Mr D Eve

Marlborough School Science Department

Protein Structure
Tertiary and Quaternary Structure

Tertiary and Quaternary Structure
Lesson Objectives • To appreciate the importance of the tertiary protein structure and describe the types of bonding that maintain it. • To describe the quaternary structure of proteins, for example: haemoglobin including the role of Fe2+
Mr D Eve

Marlborough School Science Department

Telephone Wires
Telephone wires have a secondary structure similar to an alpha helix

They also have a tertiary structure!

Mr D Eve

Marlborough School Science Department

Myoglobin
The tertiary structure for myoglobin is fairly well understood and is shown here. Myoglobin has an alpha helix which then can be viewed as being enclosed in this blue sheath, the sheath doesn't exist but we can draw it that way. That helix folds back upon itself into what's referred to as the tertiary structure of myoglobin. Bonds between the side groups of the amino acid residues are responsible for holding together the tertiary structure of this protein.
Mr D Eve

Marlborough School Science Department

What bonds?
The kinds of bonds that can exist between the side groups include: • Van der Waals bonds (Hydrophobic) if the side groups are nonpolar. • Hydrogen bonds if the side groups contain hydroxyl or amino groups. • Ionic bonds if the side groups are acids and bases that can transfer protons from one to another making a carboxylate ion, which is negative, and essentially an ammonium or quaternary ammonium ion which is positive. • Covalent bonds if the side groups are cysteine residues in which the sulfur atoms are bonded together by the removal of two hydrogen atoms.
Mr D Eve

Marlborough School Science Department

Disulphide bridges
Disulfide bonds are formed by oxidation of the sulfhydryl groups on cysteine. Different protein chains or loops within a single chain are held together by the strong covalent disulfide bonds. Both of these examples are exhibited by the insulin in the graphic on the left.

Mr D Eve

Marlborough School Science Department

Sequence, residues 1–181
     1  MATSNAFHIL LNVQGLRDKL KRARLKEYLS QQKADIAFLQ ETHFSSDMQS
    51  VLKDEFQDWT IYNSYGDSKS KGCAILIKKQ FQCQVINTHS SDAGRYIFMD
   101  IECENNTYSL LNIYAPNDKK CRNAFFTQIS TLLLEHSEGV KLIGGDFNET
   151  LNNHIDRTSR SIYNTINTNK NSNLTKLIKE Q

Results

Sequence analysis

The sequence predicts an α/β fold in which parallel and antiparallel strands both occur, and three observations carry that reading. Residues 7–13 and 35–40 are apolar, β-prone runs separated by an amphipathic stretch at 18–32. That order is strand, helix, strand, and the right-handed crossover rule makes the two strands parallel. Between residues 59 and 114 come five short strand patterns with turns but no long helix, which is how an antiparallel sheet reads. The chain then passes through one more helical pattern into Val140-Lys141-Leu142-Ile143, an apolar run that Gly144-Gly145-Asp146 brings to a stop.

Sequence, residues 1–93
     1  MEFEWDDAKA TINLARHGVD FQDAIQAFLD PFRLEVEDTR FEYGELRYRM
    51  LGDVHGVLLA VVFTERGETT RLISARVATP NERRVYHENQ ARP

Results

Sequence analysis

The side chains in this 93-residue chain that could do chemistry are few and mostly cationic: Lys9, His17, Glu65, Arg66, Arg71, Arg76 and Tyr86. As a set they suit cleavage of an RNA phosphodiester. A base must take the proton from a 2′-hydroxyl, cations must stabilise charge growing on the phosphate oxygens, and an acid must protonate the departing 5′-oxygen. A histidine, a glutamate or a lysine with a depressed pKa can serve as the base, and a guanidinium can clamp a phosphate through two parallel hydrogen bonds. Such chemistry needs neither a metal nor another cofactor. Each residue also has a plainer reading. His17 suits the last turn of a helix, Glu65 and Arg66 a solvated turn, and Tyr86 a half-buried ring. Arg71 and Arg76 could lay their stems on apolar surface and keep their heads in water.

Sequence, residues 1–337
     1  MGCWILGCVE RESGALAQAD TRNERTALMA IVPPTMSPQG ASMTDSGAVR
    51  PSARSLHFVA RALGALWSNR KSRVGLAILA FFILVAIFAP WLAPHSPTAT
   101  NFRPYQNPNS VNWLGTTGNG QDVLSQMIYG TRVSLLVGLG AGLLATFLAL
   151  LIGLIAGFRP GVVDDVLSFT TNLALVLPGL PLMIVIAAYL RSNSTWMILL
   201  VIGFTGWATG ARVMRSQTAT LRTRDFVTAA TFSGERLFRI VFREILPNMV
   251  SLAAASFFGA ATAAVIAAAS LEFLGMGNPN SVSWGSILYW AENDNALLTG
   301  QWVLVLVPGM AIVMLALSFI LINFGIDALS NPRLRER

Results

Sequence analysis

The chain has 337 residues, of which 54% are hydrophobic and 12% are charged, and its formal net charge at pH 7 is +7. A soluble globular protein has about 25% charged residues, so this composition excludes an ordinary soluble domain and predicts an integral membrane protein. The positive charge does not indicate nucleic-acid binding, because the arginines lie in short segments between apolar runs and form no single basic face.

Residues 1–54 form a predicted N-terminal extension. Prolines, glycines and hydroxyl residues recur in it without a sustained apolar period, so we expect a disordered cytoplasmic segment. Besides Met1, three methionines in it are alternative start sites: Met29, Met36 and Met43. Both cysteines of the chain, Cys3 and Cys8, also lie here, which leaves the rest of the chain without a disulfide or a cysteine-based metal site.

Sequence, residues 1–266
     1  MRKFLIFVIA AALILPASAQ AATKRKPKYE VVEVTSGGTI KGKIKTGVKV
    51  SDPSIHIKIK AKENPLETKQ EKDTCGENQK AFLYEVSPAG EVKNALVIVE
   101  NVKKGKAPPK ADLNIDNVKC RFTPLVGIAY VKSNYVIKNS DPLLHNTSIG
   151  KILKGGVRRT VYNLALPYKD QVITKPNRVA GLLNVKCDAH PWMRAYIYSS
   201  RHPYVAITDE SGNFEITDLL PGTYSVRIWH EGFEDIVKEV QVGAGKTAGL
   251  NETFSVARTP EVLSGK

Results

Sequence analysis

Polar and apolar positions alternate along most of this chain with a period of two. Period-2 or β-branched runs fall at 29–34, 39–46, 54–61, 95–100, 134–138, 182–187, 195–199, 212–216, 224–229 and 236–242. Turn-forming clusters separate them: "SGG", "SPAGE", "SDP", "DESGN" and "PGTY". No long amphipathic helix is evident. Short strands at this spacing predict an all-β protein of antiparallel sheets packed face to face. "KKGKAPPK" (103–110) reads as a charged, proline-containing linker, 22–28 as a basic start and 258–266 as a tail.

Hydrogen Bonding
Hydrogen bonding between "side chains" occurs in a variety of circumstances. The most usual cases are between two alcohols, an alcohol and an acid, two acids, or an alcohol and an amine or amide. In giving the structures for various examples, the backbone of the protein fragment will be represented by a short helix with only the side chain structure given as in the graphic on the left. In the prion protein, tyr 128 is hydrogen bonded to asp 178, which cause one part of the chain to be bonding with a part some distance away.
Mr D Eve

Marlborough School Science Department

Ionic Bonding
Salt bridges result from the neutralization of an acid and amine on side chains. The final interaction is ionic between the positive ammonium group and the negative acid group. Any combination of the various acidic or amine amino acid side chains will have this effect. The example on the left is from the prion protein with the salt bridge of glutamic acid 200 and lysine 204. In this case a very small loop is made because there are only three other amino acids between them. This salt bridge has the effect of straightening an alpha helix.
Mr D Eve

Marlborough School Science Department

Hydrophobic Interactions
The hydrophobic interactions of nonpolar side chains are believed to contribute significantly to the stabilizing of the tertiary structures in proteins. This interaction is really just an application of the solubility rule that "likes dissolve likes". The non-polar groups mutually repel water and other polar groups and results in a net attraction of the non-polar groups for each other. Hydrocarbon alkyl groups on ala, val, leu, and ile interact in this way. In addition, benzene (aromatic) rings on phe and tyr can "stack" together. In many cases this results in the nonpolar side chains of amino acids being on the inside of a globular protein, while the outside of the proteins contains mainly polar groups. Mr D Eve

Marlborough School Science Department

Examples of the bonds

Mr D Eve

Marlborough School Science Department

Quaternary Structure
Quaternary structure is the final step in protein building: it is the structure due to modifications, cofactors (like vitamins and nucleotides), prosthetic groups (like haem, and bound metal ions), glycosylation (the addition of sugar residues through serine or asparagine residues) , and the agglomeration of separate polypeptide chains to form multimeric proteins. Marlborough School
Mr D Eve

Science Department

Haemoglobin

Mr D Eve

Marlborough School Science Department

The Haem Group
One haem group is contained in each of the four subunits of haemoglobin. The Iron atom in the middle is able to bind with oxygen to form oxyhaemoglobin.
Mr D Eve

Marlborough School Science Department

Acknowledgements
• http://www.elmhurst.edu/~chm/vchembook/567tertprotein.html • http://images.google.co.uk/imgres?imgurl=http://kvhs.nbed.nb.ca/ gallant/biology/tertiary_structure.jpg&imgrefurl=http://kvhs.nbed. nb.ca/gallant/biology/biology.html&h=600&w=341&sz=82&tbnid =85_xPGG43P285M:&tbnh=135&tbnw=77&prev=/images%3Fq% 3Dtertiary%2Bstructure%26um%3D1&start=1&sa=X&oi=images &ct=image&cd=1 • http://dl.clackamas.edu/ch106-08/tertiary.htm

Mr D Eve

Marlborough School Science Department